The vision of Italy that takes form between the mid-eighteenth and mid-nineteenth centuries thus alternates between denunciations of backwardness and exaltations of picturesqueness. In the former case, a more or less explicit comparison is made, and Italy is found to be inferior. In the latter case, Italy in its decadence and backwardness offers the bourgeois subject an encounter with remnants of an ancient past and the experience of a warm, verdant natural world that cannot be found north of the Alps.

Madame de Staël's 1807 novel, Corinne, or Italy, offers an important example of the relation between these two perspectives. One of the most influential representations of Italy produced in the nineteenth century, Corinne is in fact a sustained exploration of the significance of the encounter between the northern subject and the southern land that is Italy.10 Through the figures of Oswald, the protagonist, and his traveling companion, Count d'Erfeuil, Staël rehearses at the outset the comparative and evaluative perspectives, in their English and French variants respectively, introducing both men as "prejudiced against Italy and the Italians" (19). She uses their approach to Rome in one of the opening chapters as an occasion to stage their negative evaluations. The passage is worth citing at some length:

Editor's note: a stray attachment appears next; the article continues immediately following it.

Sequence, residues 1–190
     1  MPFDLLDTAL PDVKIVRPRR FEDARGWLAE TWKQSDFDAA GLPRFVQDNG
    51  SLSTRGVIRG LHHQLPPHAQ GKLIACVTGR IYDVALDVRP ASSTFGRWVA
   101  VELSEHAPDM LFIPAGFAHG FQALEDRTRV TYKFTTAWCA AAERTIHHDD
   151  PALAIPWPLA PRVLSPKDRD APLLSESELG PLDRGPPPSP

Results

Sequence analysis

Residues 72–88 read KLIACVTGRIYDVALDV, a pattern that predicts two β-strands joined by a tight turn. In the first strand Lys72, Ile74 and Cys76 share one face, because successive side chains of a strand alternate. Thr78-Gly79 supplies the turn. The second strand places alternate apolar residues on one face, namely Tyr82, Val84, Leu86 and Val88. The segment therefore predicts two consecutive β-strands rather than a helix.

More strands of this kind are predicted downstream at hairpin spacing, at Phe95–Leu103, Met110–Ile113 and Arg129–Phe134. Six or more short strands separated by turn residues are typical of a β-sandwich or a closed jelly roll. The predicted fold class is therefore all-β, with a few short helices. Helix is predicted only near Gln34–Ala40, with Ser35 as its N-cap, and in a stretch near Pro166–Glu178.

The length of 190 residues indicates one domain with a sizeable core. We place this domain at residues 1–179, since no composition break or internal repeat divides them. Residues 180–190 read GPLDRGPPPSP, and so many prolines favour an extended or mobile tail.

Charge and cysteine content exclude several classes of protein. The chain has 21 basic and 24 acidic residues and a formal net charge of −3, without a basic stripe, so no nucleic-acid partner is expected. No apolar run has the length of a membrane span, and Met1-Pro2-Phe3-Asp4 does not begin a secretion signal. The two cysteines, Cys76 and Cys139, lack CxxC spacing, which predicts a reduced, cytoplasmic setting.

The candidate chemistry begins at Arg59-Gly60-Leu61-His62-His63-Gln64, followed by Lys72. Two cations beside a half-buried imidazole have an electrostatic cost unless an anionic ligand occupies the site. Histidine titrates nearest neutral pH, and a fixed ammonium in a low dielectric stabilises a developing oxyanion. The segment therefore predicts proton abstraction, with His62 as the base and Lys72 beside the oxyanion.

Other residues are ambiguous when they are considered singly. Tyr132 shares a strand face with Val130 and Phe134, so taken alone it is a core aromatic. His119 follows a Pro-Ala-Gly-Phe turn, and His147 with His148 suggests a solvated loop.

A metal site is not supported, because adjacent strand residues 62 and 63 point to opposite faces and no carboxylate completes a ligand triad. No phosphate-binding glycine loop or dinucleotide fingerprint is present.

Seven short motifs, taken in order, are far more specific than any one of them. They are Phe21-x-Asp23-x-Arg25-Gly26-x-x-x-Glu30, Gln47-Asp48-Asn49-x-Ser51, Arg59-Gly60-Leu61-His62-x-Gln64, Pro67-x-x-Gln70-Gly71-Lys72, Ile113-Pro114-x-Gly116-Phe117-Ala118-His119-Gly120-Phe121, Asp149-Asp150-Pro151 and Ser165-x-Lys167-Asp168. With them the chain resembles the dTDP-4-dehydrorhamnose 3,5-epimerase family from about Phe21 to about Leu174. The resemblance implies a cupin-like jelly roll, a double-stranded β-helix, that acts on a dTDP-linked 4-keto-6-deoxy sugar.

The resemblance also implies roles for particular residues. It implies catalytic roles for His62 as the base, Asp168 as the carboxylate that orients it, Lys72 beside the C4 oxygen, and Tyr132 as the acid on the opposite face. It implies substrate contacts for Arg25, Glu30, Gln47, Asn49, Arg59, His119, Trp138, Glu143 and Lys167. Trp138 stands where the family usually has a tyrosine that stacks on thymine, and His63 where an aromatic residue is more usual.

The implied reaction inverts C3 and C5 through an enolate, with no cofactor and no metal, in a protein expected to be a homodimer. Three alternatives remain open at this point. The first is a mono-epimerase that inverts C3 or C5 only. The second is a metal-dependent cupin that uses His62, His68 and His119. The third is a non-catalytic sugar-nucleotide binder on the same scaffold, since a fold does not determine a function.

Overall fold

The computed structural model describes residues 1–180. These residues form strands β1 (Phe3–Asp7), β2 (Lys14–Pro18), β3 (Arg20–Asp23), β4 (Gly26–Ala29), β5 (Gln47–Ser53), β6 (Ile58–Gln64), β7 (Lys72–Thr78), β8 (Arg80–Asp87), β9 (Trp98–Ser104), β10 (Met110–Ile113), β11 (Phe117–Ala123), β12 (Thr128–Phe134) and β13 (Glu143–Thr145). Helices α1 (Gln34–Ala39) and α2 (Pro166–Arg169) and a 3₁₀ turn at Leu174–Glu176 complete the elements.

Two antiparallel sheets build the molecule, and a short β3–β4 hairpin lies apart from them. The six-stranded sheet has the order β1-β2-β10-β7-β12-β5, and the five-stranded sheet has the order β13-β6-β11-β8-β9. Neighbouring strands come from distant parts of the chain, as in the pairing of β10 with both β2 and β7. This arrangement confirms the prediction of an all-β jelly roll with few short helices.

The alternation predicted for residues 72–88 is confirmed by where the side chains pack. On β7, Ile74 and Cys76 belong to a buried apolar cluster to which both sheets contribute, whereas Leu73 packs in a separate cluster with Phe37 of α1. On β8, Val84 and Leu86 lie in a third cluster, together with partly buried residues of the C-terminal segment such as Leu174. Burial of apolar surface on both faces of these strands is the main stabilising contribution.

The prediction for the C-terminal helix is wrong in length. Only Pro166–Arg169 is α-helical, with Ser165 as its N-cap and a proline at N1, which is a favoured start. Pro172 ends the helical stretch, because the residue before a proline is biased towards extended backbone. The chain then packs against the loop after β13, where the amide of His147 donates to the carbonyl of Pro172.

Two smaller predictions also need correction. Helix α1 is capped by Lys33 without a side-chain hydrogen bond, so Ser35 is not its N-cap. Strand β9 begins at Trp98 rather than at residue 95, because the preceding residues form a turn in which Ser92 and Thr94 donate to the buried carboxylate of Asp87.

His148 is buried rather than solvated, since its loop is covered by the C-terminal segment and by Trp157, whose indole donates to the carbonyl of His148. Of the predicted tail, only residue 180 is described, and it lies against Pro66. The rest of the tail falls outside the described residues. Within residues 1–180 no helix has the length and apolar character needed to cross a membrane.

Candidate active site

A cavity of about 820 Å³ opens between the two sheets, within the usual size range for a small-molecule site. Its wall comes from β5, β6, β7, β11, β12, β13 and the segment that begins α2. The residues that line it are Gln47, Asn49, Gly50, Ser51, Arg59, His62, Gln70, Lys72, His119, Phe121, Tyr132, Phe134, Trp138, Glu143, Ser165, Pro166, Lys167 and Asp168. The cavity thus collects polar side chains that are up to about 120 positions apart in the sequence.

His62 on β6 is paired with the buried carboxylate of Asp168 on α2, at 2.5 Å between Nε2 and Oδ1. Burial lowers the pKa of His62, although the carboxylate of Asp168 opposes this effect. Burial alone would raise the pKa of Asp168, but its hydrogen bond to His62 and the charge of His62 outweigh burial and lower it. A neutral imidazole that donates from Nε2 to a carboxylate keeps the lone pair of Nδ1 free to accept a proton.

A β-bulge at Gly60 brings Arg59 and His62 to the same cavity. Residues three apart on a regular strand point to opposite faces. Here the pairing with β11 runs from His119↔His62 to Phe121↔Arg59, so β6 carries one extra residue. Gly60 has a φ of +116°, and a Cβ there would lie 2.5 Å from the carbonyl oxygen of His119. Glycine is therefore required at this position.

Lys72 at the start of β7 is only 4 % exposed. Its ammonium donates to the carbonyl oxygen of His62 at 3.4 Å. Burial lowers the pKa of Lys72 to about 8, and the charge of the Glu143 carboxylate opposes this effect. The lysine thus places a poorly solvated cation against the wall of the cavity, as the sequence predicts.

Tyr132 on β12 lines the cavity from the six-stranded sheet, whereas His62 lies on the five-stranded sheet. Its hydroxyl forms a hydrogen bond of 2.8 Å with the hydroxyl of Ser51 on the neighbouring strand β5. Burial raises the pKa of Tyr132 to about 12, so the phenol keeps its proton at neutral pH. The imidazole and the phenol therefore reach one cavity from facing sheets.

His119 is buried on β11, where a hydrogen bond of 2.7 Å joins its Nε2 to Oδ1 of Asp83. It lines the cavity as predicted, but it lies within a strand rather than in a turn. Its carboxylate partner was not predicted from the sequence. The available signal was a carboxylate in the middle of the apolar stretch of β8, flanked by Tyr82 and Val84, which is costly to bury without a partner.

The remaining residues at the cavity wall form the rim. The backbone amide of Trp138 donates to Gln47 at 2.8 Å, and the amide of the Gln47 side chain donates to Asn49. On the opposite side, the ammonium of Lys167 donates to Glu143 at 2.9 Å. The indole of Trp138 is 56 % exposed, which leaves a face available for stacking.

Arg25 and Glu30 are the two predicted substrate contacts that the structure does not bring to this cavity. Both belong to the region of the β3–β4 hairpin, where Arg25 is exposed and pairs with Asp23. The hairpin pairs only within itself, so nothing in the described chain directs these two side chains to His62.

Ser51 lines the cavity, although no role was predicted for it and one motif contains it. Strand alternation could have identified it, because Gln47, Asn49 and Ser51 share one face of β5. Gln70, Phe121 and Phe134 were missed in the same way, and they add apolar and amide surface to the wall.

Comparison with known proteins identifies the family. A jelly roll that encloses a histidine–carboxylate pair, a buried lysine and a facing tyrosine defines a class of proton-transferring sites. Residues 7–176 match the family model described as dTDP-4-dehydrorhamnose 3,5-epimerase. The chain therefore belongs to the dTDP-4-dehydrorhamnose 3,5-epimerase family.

The Italians are much more outstanding for what they have been and by what they might be than by what they are now. The wasteland surrounding the city of Rome, a land weary of glory, which seems to despise being productive, is only an uncultivated, neglected area to anyone who judges it by standards of utility. Oswald, accustomed from childhood to a love of order and public prosperity, was, at first, unfavourably impressed as he crossed the deserted lands that herald the approach of the city that was once queen of the world. He blamed the indolence of the inhabitants and their leaders. Lord Nevil judged Italy as an enlightened administrator, Count d'Erfeuil as a man of the world. So the one because of reason, and the other because of frivolity, did not experience the impression which the Roman Campagna makes on the imaginations of those who are steeped in the memories and sorrows, in the natural beauties and the celebrated misfortunes, which imbue the land with an indefinable charm.